Glimpses of the past

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Ammonites are extinct relatives to modern day octopuses and squids. The shells are chambered, in contrast to the shells of snails. The shapes of the septa, the dividing walls, are distinct characteristics of the separate species on the basis of which they have been classified.

In general I write about living natural elements, but a treasure trove of information on ancient life lies hidden within Curaçao’s rock record as well, for us to discover and unravel.

As a geologist, I am always fascinated by fossils, those – sometimes only subtle – imprints left behind within sedimentary rocks, the result of preservation of remains of ancient organisms. The process of fossilization is actually one of rare chance. The chances of plant or animal remains ending up within exactly those favorable conditions for fossilizations to be successful are minute. The harder parts, like shells, teeth or bones, have a fair chance to end up in the rock record, but soft tissue is another matter altogether. The work of a paleontologist is therefore somewhat that of a CSI (crime scene investigator). He has to unravel the way of life, and the cause of death of the fossilized organisms on the basis of those remains alone.

Ammonites were active hunters, and were able to propel themselves through the water column by means of ‘jet power’, like their modern day relatives. The ones shown here are not that big, about 2 centimeters across, but fossils have been found elsewhere on the planet of some species that reached huge sizes, of 1.5 meters across or even more!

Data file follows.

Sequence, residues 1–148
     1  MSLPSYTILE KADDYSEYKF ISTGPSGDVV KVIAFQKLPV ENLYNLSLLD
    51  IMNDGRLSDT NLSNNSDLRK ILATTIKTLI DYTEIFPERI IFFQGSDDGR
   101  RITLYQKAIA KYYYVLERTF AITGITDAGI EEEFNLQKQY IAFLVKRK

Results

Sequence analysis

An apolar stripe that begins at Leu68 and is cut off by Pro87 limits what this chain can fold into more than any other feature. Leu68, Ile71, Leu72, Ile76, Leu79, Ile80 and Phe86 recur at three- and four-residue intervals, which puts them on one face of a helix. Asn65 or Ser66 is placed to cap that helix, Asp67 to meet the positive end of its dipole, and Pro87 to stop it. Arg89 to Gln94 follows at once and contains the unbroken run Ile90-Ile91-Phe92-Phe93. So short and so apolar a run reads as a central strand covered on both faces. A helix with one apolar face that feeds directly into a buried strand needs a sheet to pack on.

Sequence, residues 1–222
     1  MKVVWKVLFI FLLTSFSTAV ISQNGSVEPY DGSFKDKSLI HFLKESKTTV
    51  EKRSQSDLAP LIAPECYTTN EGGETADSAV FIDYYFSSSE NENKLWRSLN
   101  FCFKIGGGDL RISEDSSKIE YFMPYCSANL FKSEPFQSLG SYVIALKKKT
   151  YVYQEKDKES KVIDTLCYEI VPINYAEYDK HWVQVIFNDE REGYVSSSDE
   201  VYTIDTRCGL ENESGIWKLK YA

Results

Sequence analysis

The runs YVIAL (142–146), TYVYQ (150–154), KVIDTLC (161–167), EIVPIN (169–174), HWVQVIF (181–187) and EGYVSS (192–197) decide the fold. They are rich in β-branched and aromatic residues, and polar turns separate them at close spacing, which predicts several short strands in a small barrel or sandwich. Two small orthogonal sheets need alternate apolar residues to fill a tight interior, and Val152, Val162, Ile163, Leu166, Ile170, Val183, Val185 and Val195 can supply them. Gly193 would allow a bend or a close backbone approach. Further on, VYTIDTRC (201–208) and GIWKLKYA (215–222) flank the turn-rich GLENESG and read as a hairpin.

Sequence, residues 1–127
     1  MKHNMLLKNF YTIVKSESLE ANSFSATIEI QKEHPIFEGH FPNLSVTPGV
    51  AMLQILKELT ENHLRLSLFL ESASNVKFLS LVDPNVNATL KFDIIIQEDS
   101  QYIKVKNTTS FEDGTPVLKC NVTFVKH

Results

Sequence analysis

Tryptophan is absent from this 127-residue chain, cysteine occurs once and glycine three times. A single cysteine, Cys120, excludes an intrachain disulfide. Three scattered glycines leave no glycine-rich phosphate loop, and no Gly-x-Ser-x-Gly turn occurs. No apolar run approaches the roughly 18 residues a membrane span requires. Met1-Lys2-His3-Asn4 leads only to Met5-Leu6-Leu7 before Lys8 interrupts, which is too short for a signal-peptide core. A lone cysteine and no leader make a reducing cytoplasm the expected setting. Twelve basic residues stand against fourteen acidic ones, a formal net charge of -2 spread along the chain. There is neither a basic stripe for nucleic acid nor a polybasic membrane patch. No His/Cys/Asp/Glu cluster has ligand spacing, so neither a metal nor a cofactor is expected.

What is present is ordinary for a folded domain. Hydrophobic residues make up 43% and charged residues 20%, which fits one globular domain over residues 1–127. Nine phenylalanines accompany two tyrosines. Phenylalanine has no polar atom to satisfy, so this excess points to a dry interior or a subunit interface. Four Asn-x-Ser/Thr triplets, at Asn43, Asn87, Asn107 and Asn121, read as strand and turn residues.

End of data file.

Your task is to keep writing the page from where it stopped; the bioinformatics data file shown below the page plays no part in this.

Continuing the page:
The accompanying pictures are of the oldest fossils to be found on Curaçao, and these are actually quite special. The foundation of the Island consists of volcanic rocks, a thick succession of basalts that erupted in a submarine environment. Only in one location a small section of sedimentary rocks have been found within this succession, indicating that the eruptions were quite continuous (interruption of the eruption cycles would have allowed time for more sediments to settle in between those cycles). These layered rocks contain remains of several organisms, of which ammonites are the most conspicuous. This group died out at the end of the Cretaceous period, together with the dinosaurs, about 65.5 million years ago. Radiometric age determinations of several samples of the Curacao Lava Formation produced an age of about 86-87 million years, so the ammonites within this small section are at least as old.

Geologists juggle with millions of years with ease. But these ages are actually mind boggling. No one is able to visualize these enormous ages and geological processes. We are just mere humans, small and just one of the elements of the giant cycles of nature. Just like the ammonites, dinosaurs or myriads other extinct species, our species is destined to disappear one day as well. This is just the nature of nature….

Leon Pors

About Leon Pors